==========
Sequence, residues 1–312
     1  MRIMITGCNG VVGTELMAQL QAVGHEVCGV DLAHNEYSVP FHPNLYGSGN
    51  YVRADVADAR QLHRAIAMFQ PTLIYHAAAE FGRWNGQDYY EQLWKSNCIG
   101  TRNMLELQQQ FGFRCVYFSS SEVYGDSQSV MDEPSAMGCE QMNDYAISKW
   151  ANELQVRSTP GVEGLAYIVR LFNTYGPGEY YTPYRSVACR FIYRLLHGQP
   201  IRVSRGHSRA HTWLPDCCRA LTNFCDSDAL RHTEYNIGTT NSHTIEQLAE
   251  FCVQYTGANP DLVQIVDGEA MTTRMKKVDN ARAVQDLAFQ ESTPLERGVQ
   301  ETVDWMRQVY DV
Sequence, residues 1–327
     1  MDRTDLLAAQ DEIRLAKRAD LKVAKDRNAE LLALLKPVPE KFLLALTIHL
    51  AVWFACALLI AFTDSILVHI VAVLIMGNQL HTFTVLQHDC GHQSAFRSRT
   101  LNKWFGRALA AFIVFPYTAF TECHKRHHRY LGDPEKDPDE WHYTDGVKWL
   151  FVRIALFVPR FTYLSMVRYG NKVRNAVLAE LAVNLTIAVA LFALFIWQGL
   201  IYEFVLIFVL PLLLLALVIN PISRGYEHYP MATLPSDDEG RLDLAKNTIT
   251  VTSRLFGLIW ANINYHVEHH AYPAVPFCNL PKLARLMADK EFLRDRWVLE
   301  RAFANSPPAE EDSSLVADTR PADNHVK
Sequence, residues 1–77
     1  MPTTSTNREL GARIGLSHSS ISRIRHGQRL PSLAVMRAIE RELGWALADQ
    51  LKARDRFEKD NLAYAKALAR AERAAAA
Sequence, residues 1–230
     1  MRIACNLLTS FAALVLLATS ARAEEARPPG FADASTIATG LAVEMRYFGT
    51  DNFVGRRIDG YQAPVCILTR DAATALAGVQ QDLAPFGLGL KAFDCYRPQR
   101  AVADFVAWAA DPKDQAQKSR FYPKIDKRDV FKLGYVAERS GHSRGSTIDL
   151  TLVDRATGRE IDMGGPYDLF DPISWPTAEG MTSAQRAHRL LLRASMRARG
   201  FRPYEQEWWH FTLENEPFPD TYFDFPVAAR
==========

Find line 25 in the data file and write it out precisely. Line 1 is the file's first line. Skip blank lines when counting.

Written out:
   201  FRPYEQEWWH FTLENEPFPD TYFDFPVAAR